4 responses to “The Accidental Vegan”

  1. Suzanna Walters

    girl you must be grumpy! Are you on crack? (come to think of it, I don’t think crack has any sugar, wheat or dairy). Does this mean you can’t drink my mojitos? or maybe that’s all you can drink. but enough about me.

    now i’m really sympathizing with you…oy vey.

    love, love –
    s

  2. Andrew

    Catherine,

    Go to http://www.justtomatoes.com. Their freeze dried veggies when sprinkled with nutritional yeast (or salt) feel like chips. The dehydrated blueberries are lovely; the pommegranite (sp) is explosive. Not cheap, but they often keep my on track with eating. Green tea (copious amounts) seems to help sometimes. Distracting myself. Good luck. Thinking of you.

    Andrew

  3. Bill

    Catherine, I loved the post, and it made me think about cooking and my relationship with food. Which of course makes me think about recipes. So I suggest this – I’ve been enjoying a version of it this week . . . Thanks to Andrew for introducing me to the preserved lemons. I used kabocha squash instead of butternut, Vietnamese oregano instead of parsley, and skipped the parsnips and the sweet potatos, and served it over quinoa . . . tasty! Time consuming – it took me almost 3 hours, but can feed about 10 people (or me 10 times).

    Chickpea and Vegetable Tagine
    This tagine recipe includes a complex blend of spices and a generous assortment of vegetables. Cut the vegetables so that each type has a consistent size. You may need to adjust the cooking times slightly, depending on the maturity of your vegetables. If you can’t find the preserved lemon we call for here, substitute a teaspoon of grated lemon zest instead.
    Directions
    Heat the oil in a tagine or a flame-proof casserole over medium heat. Add the onions and sauté until they soften and become light golden, about 8 to 10 minutes. Stir occasionally as you cook the onions. The halves should fall apart into their separate layers as they cook. Add the garlic and ginger and sauté until aromatic, about 30 seconds. Add the cumin, coriander, anise, cayenne, salt, pepper, and cinnamon. Cook, stirring constantly, until the spices are toasted and thoroughly coat the onions, about 1 minute.
    Add the broth, butternut squash, carrots, and chickpeas; bring to a boil over medium-high heat. Reduce the heat to low and simmer, partially covered, until the vegetables are just beginning to get tender, about 15 minutes.
    Add the tomatoes, sweet potatoes, parsnips, and bay leaf and simmer until the vegetables are nearly tender, about 30 minutes. Add the preserved lemon and simmer for 20 minutes or until all of the vegetables are tender and cooked through. Remove and discard the bay leaf. Season to taste with salt and pepper. Sprinkle with the parsley and cilantro, and serve directly from the tagine or casserole onto heated plates.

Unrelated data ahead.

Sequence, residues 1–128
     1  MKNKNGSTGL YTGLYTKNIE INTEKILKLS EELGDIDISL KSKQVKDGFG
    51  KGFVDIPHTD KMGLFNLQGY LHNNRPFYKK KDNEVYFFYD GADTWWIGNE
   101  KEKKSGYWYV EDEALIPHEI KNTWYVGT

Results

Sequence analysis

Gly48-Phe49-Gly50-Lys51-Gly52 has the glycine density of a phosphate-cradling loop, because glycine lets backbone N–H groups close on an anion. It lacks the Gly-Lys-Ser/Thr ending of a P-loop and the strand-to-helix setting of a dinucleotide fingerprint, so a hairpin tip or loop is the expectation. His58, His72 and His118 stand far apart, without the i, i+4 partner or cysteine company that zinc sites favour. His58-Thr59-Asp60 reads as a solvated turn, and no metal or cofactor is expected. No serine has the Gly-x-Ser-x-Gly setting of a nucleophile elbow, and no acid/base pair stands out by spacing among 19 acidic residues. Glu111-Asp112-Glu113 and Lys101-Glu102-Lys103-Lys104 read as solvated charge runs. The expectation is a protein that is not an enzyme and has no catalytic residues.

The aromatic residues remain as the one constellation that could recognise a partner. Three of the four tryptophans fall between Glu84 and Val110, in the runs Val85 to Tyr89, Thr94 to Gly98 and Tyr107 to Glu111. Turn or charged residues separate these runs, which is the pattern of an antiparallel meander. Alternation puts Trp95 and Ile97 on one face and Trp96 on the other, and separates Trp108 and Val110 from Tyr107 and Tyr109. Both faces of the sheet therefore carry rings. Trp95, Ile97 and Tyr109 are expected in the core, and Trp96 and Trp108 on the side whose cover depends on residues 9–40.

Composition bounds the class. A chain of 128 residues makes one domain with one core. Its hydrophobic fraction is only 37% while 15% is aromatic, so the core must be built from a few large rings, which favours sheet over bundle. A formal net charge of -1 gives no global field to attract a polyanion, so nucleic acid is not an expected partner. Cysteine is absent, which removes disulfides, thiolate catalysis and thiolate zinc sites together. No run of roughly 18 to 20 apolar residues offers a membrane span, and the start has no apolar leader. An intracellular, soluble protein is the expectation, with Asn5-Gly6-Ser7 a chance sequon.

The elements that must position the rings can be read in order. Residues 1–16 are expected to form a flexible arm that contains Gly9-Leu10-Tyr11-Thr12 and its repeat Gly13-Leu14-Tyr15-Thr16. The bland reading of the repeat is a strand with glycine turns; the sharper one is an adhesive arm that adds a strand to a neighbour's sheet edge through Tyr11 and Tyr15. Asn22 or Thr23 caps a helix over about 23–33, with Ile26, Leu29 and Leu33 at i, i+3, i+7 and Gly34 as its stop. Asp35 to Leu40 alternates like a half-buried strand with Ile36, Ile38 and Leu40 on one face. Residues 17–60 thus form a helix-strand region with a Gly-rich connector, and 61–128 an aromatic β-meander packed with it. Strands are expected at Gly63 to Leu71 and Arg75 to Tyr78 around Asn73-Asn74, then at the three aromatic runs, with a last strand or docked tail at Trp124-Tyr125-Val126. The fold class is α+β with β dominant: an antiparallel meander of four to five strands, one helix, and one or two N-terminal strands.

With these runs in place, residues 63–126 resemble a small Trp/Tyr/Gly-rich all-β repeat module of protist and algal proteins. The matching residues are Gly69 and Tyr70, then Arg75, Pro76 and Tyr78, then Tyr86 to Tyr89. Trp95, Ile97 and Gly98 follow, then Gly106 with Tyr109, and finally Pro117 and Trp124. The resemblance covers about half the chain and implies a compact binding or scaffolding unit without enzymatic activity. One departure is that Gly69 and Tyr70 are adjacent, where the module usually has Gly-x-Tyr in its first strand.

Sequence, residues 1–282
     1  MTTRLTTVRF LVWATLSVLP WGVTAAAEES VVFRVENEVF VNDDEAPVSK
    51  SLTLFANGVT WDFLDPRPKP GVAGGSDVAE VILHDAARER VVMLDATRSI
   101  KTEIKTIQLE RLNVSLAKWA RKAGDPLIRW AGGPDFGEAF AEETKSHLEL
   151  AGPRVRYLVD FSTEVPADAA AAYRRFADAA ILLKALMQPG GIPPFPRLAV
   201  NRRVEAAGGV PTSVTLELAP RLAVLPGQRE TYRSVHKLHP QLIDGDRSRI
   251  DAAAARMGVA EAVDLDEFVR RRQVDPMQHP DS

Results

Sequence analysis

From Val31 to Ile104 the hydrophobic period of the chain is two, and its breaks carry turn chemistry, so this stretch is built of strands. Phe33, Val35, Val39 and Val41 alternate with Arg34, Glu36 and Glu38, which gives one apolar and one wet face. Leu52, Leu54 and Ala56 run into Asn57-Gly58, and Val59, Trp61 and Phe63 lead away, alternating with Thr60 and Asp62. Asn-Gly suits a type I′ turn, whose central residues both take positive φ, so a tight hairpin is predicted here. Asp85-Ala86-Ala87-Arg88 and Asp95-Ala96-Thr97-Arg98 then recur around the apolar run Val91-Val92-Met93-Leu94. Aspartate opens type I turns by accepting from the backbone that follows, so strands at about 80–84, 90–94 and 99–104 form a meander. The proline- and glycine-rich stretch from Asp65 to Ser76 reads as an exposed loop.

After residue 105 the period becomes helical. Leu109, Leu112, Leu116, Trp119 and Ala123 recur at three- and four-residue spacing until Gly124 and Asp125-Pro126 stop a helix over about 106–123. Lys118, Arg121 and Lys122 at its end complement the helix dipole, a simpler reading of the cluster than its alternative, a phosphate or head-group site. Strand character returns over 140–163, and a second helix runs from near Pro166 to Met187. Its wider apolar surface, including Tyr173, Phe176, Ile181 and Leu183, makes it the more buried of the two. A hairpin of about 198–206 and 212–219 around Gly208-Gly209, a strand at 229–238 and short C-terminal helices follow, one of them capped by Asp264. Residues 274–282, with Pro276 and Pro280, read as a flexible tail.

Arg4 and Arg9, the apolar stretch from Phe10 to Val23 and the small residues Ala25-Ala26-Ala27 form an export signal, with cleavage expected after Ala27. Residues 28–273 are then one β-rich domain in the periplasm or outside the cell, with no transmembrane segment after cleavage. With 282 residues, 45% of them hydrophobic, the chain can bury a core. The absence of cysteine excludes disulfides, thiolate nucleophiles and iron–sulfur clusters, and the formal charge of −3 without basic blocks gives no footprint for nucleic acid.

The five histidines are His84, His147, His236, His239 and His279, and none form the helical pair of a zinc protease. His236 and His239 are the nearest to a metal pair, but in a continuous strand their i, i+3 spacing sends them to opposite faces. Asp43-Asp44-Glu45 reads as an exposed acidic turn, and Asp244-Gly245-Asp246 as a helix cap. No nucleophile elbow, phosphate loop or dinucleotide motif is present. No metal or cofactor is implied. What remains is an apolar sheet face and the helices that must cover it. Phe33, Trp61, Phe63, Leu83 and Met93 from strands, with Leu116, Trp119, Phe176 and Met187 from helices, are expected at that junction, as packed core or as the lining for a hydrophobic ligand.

This recipe is from The Culinary Institute of America’s Vegetables cookbook, which is available for purchase at bookstores nationwide.
    Ingredients
    Makes 8 servings
    2 Tbsp. olive oil
    2 cups cippolini onions, peeled and halved
    2 Tbsp. minced garlic
    1 Tbsp. minced gingerroot
    1 1/2 tsp. ground cumin
    1 tsp. ground coriander
    1/2 tsp. ground anise seed
    1/4 tsp. cayenne
    Salt and pepper as needed
    1/8 tsp. ground cinnamon
    2 cups chicken or vegetable broth
    3 1/2 cups medium-dice butternut squash, peeled and seeded
    1 1/2 cups medium-dice carrots, peeled
    3 cups cooked chickpeas, drained and rinsed
    2 cups diced tomatoes in juice (no salt added)
    2 1/4 cups medium-dice sweet potatoes, peeled
    1 1/2 cups medium-dice parsnips, peeled
    1 bay leaf
    2 Tbsp. minced preserved lemon (or 2 tsp. grated lemon zest)
    2 Tbsp. coarsely chopped parsley
    2 Tbsp. coarsely chopped cilantro

  4. Claire (of Jon)

    HI there… seems you have had a stack of really helpful foodie tips… so natch you need more. Jon has a friend who is a complete fan of ‘Raw Food’ he exclaims on numerous occasions of course that it cures all ills but I think he does it because it satisfies something deep inside which speaks to what you hint at in your blog. Perhaps. That it gives him some control over what he eats in a way that cannot be unhealthy by any standards. I have tried some of this food and it is delicious and as far as I understand it there is no dairy and so on… but hey as I say there is plenty of food advise up here already. I cannot remember the names of the raw foodies… helpfully… but I am sure you can find it online.

    Big huge hugs

Leave a Reply